./dnscrypt-proxy -service stop

— Restart the service after any of the configuration files has been changed

./dnscrypt-proxy -service restart

— Check that DNS resolution works

./dnscrypt-proxy -resolve example.com

— Uninstall the service

./dnscrypt-proxy -service uninstall

— Delete dnscrypt-proxy

To completely uninstall it, uninstall the service, move the folder where you have decompressed the archive to the trash and empty the trash.


Upgrade dnscrypt-proxy

To find which version is currently in use, type

./dnscrypt-proxy -version
2.0.25

Step 2, here above, explains how to download the latest version.

Replace only the Unix executable file dnscrypt-proxy (~11 MB) with the latest version.

Restart the service, type

./dnscrypt-proxy -service restart

Cohabitation with dnscrypt-proxy

First, check that you are using the latest version!

Then, verify that your configuration file is using correct values, that there is no typing errors,...

Also verify that you have not defined an 'impossible/blocking' configuration, carefully read the Configuration chapter in this manual.

— Little Snitch

During the installation, Little Snitch firewall will show several alerts, like:

Terminal via dnscrypt-proxy wants to connect to ... TCP port ...

dnscrypt-proxy wants to connect to ... on UDP/TCP port ...

You must 'Allow' them 'Forever' to run dnscrypt-proxy without problem.

As dnscrypt-proxy service file is not signed, Little Snitch warns you that it might be a 'Suspicious process', it is normal, no need to worry! Always download dnscrypt-proxy from github.com, and if you are paranoid, check it with Minisign tool and/or build it yourself.

— Drive Pulse

During the installation of dnscrypt-proxy as a service, Drive Genius - Drive Pulse might issue an alert if its preference 'Watch Launch Items Changes' is enabled.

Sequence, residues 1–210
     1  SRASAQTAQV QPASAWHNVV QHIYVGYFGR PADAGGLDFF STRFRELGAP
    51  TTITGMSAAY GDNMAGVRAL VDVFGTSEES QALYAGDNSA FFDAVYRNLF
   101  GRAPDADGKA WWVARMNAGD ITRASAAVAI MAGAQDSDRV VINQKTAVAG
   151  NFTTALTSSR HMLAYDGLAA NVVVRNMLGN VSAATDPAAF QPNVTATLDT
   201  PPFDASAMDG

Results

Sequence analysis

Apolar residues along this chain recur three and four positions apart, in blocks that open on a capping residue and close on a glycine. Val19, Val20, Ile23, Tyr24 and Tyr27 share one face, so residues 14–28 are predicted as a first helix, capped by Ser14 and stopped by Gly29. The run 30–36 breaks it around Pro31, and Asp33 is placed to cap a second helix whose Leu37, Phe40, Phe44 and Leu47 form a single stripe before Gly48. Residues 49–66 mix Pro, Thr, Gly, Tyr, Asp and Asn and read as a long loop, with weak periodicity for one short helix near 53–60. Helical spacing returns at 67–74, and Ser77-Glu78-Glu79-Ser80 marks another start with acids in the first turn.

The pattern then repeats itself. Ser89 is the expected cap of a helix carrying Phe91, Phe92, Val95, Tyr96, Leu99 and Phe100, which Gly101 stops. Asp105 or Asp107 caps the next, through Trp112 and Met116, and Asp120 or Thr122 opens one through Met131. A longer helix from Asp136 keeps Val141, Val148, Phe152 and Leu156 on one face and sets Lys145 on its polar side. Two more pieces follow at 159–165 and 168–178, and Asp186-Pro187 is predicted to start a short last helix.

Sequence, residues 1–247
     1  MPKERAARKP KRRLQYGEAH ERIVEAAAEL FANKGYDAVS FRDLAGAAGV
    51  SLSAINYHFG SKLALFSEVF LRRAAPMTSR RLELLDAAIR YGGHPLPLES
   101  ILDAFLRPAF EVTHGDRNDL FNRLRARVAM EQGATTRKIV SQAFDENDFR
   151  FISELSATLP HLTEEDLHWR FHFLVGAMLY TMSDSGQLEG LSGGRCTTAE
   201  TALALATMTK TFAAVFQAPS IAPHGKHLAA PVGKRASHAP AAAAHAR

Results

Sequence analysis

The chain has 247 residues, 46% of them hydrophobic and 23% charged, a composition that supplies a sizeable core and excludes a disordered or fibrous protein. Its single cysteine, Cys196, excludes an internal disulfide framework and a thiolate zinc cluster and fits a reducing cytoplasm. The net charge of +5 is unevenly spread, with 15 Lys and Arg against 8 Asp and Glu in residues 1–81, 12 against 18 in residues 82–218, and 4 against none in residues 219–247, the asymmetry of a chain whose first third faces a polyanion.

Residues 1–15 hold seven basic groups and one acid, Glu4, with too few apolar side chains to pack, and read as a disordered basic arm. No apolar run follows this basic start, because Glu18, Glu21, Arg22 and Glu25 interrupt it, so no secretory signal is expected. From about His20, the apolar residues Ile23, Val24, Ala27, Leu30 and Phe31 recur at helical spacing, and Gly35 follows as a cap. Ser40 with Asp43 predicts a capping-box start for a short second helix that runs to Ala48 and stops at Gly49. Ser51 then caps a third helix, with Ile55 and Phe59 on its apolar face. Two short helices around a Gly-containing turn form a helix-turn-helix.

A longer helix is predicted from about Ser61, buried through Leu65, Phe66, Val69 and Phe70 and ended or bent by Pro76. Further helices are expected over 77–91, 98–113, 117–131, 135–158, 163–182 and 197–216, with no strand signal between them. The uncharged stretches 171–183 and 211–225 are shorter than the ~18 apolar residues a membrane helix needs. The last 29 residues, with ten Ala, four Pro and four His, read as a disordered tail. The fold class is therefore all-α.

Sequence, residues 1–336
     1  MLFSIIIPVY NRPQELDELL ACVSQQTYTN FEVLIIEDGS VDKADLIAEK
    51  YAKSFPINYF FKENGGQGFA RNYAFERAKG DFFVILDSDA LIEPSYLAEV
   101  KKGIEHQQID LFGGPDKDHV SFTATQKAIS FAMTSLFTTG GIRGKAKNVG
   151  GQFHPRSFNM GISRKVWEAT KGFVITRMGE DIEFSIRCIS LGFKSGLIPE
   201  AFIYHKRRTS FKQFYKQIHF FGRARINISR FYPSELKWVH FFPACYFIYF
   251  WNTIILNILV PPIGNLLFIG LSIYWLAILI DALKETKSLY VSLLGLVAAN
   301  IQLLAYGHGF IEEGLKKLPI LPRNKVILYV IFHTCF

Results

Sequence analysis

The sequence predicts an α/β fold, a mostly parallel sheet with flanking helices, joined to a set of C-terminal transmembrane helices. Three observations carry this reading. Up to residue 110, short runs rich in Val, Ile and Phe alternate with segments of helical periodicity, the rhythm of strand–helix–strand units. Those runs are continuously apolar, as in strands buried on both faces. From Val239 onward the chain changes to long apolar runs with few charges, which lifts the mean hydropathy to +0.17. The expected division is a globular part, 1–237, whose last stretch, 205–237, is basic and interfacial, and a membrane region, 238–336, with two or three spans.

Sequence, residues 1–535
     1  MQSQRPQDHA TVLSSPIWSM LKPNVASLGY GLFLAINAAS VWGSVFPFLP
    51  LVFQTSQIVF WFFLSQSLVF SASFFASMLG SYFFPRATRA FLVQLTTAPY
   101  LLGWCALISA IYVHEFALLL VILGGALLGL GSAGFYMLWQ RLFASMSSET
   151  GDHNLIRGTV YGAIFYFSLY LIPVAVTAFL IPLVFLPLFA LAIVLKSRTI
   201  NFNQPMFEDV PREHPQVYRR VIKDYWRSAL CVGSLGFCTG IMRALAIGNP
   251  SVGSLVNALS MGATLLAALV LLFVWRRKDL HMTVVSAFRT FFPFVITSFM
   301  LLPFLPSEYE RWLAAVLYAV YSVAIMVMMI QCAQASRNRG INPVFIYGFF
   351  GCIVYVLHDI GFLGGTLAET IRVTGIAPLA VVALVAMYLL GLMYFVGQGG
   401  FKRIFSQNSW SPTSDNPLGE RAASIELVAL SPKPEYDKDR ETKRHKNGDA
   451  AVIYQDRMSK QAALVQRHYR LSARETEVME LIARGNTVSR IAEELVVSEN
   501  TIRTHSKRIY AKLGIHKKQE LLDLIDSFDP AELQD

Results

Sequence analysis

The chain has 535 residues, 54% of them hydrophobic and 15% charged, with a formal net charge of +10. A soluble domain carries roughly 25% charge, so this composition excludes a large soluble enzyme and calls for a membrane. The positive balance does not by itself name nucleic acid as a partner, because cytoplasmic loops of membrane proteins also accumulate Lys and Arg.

It just informs you that the dnscrypt-proxy.plist file has been added to macOS /Library/LaunchDaemons/ folder. You must click the Ignore this change button to accept this installation.

— DNSMasq

See chapter 'Making things go fast - IPv6 blocking' for DNSmasq.


Control dnscrypt-proxy from the menu bar

Bitbar is a really nice tool to add very useful features to your macOS menu bar.

This includes dnscrypt-proxy switcher to control dnscrypt-proxy from the menu bar.

So you can keep dnscrypt-proxy always running as a background service, and just toggle it on and off using this menu bar tool.


Error 127.0.0.1:53: bind: address already in use

mDNSResponder listens to port 53 when applications using the native hypervisor run. Docker is an example of an application using this.

mDNSResponser also listens to port 53 when Internet sharing has been enabled.

It is quite annoying, because at the same time macOS doesn't allow to set a specific port for DNS queries. And mDNSResponder's DNS proxy listens to all IPs, effectively preventing another local DNS resolver or proxy from running.

Fortunately, mDNSResponder's DNS proxy can be disabled in its configuration file: /System/Library/LaunchDaemons/com.apple.mDNSResponder.plist

As this file is in /System, changing it first requires to disable SIP.

Change

                <key>com.apple.mDNSResponder.dnsproxy</key>
                <true/>

to

                <key>com.apple.mDNSResponder.dnsproxy</key>
                <false/>

Another workaround is to listen to a different port, and use a local firewall rule to redirect port 53 to it.